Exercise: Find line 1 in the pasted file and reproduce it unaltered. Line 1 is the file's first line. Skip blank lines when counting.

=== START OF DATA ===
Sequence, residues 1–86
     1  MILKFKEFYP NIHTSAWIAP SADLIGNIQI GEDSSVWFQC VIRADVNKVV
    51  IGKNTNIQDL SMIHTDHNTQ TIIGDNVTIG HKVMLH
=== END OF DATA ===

Sequence, residues 1–86